Gene-edited potato could allow farmers to use ‘less—or even no—insecticide’

Credit: Pxfuel
Credit: Pxfuel

A PhD candidate at Michigan State University (MSU), Natalie [Kaiser] specializes in potatoes – in particular, looking at which genes make certain potatoes naturally resistant to a troublesome potato pest known as the Colorado potato beetle. This is an all-too familiar pest for home gardeners and commercial potato growers alike. By identifying the genes that cause certain potatoes to be resistant to this pest, plant breeders can then select the potato plants that have those genes, and provide growers with a potato that can thrive pest-free with the use of less—or even no—insecticides… Innovature talked to Natalie to learn more.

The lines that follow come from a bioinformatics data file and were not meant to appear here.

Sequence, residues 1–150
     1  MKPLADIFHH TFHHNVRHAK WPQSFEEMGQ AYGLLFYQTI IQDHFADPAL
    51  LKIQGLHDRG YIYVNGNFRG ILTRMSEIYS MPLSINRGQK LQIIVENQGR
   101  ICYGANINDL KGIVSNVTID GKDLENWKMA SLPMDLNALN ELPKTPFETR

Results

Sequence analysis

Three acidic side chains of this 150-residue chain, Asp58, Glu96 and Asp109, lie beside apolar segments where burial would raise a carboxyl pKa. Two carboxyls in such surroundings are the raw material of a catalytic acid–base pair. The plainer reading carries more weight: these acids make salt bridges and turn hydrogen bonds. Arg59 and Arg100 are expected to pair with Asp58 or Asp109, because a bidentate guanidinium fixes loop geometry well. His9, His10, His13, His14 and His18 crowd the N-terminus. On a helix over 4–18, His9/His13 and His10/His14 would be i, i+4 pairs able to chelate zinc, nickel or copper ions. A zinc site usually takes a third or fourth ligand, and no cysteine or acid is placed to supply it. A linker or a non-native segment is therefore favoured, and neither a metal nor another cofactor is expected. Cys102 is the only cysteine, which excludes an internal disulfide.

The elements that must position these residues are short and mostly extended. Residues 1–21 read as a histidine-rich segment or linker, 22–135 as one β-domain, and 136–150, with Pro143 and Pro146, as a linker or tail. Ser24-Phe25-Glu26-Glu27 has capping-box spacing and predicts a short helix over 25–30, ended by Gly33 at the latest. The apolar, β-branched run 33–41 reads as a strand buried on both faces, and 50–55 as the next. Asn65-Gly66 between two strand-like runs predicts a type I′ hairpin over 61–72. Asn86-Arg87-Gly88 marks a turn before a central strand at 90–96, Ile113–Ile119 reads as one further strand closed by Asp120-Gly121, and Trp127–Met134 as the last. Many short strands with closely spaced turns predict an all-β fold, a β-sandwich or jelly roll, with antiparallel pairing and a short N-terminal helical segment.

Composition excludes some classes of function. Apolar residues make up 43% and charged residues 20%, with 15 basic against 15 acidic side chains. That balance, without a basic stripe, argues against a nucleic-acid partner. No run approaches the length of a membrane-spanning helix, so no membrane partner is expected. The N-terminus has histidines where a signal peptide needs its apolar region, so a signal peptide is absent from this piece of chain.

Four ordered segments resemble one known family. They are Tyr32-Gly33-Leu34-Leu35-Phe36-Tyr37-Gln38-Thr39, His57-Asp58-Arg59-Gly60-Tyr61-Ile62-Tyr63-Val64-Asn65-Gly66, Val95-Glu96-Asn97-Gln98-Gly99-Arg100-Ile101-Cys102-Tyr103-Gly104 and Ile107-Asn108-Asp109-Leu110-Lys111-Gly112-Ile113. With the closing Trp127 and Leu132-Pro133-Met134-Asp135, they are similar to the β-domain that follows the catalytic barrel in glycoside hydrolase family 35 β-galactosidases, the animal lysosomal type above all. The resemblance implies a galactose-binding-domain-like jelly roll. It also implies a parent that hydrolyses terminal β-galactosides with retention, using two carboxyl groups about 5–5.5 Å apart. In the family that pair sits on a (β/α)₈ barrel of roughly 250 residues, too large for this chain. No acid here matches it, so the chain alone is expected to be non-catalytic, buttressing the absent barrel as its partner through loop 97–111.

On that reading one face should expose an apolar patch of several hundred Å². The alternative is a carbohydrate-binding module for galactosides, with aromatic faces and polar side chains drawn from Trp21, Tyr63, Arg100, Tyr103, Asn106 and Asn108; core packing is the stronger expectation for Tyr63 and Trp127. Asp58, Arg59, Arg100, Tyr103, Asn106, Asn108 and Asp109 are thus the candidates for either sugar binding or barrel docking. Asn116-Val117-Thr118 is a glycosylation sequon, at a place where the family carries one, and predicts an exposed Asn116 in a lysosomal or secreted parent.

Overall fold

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What does the future look like for plant breeding?

Right now is a very exciting time to be in plant breeding. And there’s two main tools that I’m excited about. One of them, is whole genome sequencing…Instead of just looking at tiny little regions that are linked to traits of interest, we can look at the whole genome and start to understand how genes interact with each other.

The second technology that I’m excited about is genome editing. And this, coupled with whole genome sequencing gives us the ability to do really precise genetic engineering. This allows to make very detailed changes while reducing unintended consequences – allowing us to deliver a product that feeds more people more efficiently.

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